midnight's children

by salman rushdie

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how is the issue of diaspora explored in midnight's children?

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a major theme of salman rushdie's 1981 novel midnight's children is the diaspora, or perhaps more accurately migrations, of the family of the narrator, saleem sinai, within the indian subcontinent. these movements are driven in part by political events following india's independence from british colonialism and in part by economic imperatives.

it should be noted that the novel's style is magical realism, a style or genre famously developed by colombian author gabriel garcía márquez.

the theme of migration is introduced by saleem's remark "in my family, we always go where we're pushed." his parents move from delhi to bombay in search of "dirt cheap property." his uncle hanif also settles in bombay to seek work in "the great film studios." saleem himself undergoes a series of "exiles," one of which takes him to pakistan, recently partitioned from india. eventually his parents leave bombay for karachi, seeking "a new life" away from the economic and political chaos of india. saleem blames their subsequent hard times in pakistan on "a terrible, occult series of reprisals for tearing up our bombay roots." note that it's characteristic of saleem to feel personally responsible for catastrophes that unfold on the world stage and, conversely, that the underlying purpose of these major events is simply to derail his family.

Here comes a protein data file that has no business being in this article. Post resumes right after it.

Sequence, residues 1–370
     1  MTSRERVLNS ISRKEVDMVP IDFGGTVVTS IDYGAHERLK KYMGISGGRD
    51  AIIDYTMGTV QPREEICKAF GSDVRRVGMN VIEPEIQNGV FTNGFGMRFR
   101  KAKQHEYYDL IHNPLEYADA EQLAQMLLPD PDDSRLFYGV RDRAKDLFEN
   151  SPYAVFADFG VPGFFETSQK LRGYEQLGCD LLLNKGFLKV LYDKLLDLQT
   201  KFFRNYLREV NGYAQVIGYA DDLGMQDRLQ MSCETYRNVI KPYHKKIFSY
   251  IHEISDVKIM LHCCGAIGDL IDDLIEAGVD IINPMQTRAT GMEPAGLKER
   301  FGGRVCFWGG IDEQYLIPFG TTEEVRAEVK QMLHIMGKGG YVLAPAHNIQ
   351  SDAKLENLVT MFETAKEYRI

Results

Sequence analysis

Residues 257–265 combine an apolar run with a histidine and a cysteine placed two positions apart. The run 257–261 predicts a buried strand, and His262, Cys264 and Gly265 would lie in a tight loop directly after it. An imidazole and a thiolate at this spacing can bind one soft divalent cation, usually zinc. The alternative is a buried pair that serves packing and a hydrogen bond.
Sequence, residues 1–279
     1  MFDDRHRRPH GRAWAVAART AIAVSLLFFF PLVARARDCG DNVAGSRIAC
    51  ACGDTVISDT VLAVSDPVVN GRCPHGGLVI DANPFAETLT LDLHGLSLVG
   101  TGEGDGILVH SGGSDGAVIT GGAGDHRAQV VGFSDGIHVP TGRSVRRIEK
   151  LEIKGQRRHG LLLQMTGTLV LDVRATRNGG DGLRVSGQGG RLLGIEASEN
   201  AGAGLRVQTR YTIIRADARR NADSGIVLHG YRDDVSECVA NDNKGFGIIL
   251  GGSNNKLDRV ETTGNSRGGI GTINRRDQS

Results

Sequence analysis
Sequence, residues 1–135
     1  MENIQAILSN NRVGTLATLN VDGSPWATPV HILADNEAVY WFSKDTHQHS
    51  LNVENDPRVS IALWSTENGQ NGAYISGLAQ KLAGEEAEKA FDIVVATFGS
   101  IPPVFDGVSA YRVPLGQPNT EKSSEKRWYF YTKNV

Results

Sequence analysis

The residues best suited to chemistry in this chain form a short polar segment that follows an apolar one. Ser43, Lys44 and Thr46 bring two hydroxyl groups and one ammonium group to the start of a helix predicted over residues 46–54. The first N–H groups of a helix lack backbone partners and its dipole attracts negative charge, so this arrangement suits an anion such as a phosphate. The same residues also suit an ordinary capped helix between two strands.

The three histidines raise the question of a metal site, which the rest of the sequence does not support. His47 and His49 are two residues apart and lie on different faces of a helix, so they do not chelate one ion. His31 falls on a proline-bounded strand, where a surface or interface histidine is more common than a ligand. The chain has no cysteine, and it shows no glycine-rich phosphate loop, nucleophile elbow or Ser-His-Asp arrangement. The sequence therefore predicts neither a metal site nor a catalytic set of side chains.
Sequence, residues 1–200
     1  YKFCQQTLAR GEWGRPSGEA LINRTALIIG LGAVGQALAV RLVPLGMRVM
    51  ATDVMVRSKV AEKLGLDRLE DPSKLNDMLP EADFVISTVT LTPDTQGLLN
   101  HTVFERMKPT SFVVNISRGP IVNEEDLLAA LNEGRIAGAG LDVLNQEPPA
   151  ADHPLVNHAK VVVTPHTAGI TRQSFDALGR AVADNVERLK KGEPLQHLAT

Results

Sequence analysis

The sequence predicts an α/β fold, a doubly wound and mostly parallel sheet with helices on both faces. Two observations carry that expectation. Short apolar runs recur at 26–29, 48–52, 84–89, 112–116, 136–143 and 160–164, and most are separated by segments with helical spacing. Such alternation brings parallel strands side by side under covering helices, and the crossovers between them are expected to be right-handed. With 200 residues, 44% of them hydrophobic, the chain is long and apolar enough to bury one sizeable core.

it would be worthwhile to trace the diaspora of the other "children of midnight"—for example, shiva, possessor of the most powerful telepathic abilities of them all.

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how is the issue of diaspora presented in salman rushdie's novel midnight's children?

in literature, the term “diaspora” refers to the upheaval of characters who leave their own countries and strike out to new places, feeling both the excitement of opportunity and the alienation of a new culture. let's look at how this issue works in salman rushdie's midnight's children.

this novel is purportedly the memoir of saleem, a man who has experienced much upheaval in his life. saleem was born at midnight on august 15, 1947, the very time india and pakistan separated to become independent countries. saleem, however, fits in nowhere. he is connected to india, yet his family is originally from kashmir. it turns out that he was switched at birth, however, so his origins are even more obscure.

saleem ends up in pakistan at one point, but his family members are killed by bombs, and saleem is injured. he returns to india, and his adventures continue.

saleem, then, is a member of the diaspora, as are the other “midnight children.” they do not have a real home anywhere but often wander about unsettled. saleem ends up manager of a pickle factory in the end, writing his memoir but still failing to find meaning.

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